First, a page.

While Gino noted that they rarely are invited to visit schools, Oshiro said that he has been disinvited several times from such appearances. He’d already have signed a contract and been paid for the visit, he related, but would receive an email from an administrator, or a teacher, or librarian stating, ‘We can’t let this happen,’ as it violated school policies or else that a school administrator or educator would be fired as a result of the visit. “I’m not naïve, I know what it is,” Oshiro added. “I’m an openly queer person. My identity is immediately sexualized.”

Oshiro disclosed that he was once escorted out of the building in the middle of a school visit after the teacher warned him “multiple times” to “keep it PG,” when students wanted to discuss the romance between two queer characters in one of his books.

Reporting that his second book, Each of Us a Desert (Tor Teen, 2020), was removed from a high school library because critics claimed that it “talks about racism,” Oshiro admitted that it was “frustrating and demoralizing,” but that “it is certainly not changing how I am writing books. I am going to write the art that I want to see put out in the world.”

Gino agreed with Oshiro’s defiant stance, noting, “They’re searching for [objectionable] things. If I try to get rid of things, they’ll just search for other things, and the search just gets sillier. They’re going to try to hold me back—why would I do the same?”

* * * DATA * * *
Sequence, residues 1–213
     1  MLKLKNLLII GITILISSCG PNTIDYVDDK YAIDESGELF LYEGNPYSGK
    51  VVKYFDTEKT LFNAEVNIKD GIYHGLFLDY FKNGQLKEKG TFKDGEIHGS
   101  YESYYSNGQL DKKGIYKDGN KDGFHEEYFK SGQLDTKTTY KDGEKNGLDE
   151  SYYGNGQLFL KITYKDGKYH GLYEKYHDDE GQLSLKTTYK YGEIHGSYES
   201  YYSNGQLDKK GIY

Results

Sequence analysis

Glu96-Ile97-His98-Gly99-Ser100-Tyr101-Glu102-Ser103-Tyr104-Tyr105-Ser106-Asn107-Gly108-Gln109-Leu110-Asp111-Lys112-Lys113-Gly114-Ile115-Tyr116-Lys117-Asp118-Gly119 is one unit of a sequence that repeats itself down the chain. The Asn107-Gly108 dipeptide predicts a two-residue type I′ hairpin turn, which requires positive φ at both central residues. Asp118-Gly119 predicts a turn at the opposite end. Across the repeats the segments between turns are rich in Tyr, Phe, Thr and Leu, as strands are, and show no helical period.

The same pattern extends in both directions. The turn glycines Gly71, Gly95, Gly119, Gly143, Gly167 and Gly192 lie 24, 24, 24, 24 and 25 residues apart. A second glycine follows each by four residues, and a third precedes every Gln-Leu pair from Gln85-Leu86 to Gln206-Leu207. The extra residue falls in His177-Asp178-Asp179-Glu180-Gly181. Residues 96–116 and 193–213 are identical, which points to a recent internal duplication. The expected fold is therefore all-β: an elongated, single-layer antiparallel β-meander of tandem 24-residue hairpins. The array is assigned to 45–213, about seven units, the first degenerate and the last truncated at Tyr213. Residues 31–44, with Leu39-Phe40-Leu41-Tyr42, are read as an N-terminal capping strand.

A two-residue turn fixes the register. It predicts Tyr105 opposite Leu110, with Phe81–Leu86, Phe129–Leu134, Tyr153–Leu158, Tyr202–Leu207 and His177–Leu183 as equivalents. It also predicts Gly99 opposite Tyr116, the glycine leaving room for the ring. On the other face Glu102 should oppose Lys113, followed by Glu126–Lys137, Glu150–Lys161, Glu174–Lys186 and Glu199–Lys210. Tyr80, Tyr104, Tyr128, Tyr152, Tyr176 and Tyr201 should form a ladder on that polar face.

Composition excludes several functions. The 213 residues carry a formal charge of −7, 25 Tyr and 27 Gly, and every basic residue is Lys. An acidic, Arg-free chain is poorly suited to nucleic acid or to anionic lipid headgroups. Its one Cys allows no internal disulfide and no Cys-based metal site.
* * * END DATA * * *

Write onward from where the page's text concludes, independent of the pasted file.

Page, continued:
What is being banned is always part of what people are afraid of in this country and what people are afraid of changing.
—Alex Gino

Arguing that they consider the spike in attacks on books to be pushback against the election of a Black president in 2008 and the legalization of gay marriage in 2015, Gino pointed out that their middle grade novel, George (Scholastic, 2015) which was reissued in May with the title Melissa, about a trans teen, “would never have been banned 15 years ago, because it wouldn’t have existed.” Gino added that the fact that such books are being “fought over” in the public sphere demonstrates that some people fear the changes being made in the publishing industry and the attention to diversity in schools. “What is being banned is always part of what people are afraid of in this country and what people are afraid of changing in this country,” Gino said. “That’s absolutely what’s going on here.”

Gino asserted that the goal of book bannings is to “keep information about the world from young people,” so that “we end up with young people who either don’t see themselves—and therefore the road from that is hard and long, and they don’t come back unscarred—or you don’t see others, so as an adult you aren’t prepared to respond and react when you meet people [who differ from you]; and that puts those marginalized people further at risk.”

Pérez suggested that parents, most of whom “want their childrento succeed,” must know that if they want this to happen, their children must be prepared, while in school, “for living and loving the people they’re actually going to encounter in the life ahead of them.” Parents, she said, must realize that if they want their children to succeed in the 21st century, “they need access to all kinds of stories.”

What Can We Do?

Pérez suggested mobilizing parents by asking them, “What do you want for your child’s education? What do you want their librarians to be doing? Helping them to find resources that they need for their research paper? Connecting them with the book that’s going to ignite a love of reading for them? Or spending hours combing through databases to flag the books that some politicians say they have to flag?”